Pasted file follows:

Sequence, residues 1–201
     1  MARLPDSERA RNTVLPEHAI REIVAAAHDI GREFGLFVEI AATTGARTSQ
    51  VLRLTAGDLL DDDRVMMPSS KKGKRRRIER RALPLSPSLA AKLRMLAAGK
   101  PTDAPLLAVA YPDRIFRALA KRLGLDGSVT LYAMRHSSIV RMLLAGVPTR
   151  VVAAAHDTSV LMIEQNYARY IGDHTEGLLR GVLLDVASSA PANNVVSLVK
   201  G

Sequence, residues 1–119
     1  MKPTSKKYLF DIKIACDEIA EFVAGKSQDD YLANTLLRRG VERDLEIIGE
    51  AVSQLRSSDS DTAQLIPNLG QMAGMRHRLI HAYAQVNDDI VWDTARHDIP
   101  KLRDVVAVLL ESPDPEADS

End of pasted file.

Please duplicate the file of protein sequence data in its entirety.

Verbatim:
Sequence, residues 1–201
     1  MARLPDSERA RNTVLPEHAI REIVAAAHDI GREFGLFVEI AATTGARTSQ
    51  VLRLTAGDLL DDDRVMMPSS KKGKRRRIER RALPLSPSLA AKLRMLAAGK
   101  PTDAPLLAVA YPDRIFRALA KRLGLDGSVT LYAMRHSSIV RMLLAGVPTR
   151  VVAAAHDTSV LMIEQNYARY IGDHTEGLLR GVLLDVASSA PANNVVSLVK
   201  G

Sequence, residues 1–119
     1  MKPTSKKYLF DIKIACDEIA EFVAGKSQDD YLANTLLRRG VERDLEIIGE
    51  AVSQLRSSDS DTAQLIPNLG QMAGMRHRLI HAYAQVNDDI VWDTARHDIP
   101  KLRDVVAVLL ESPDPEADS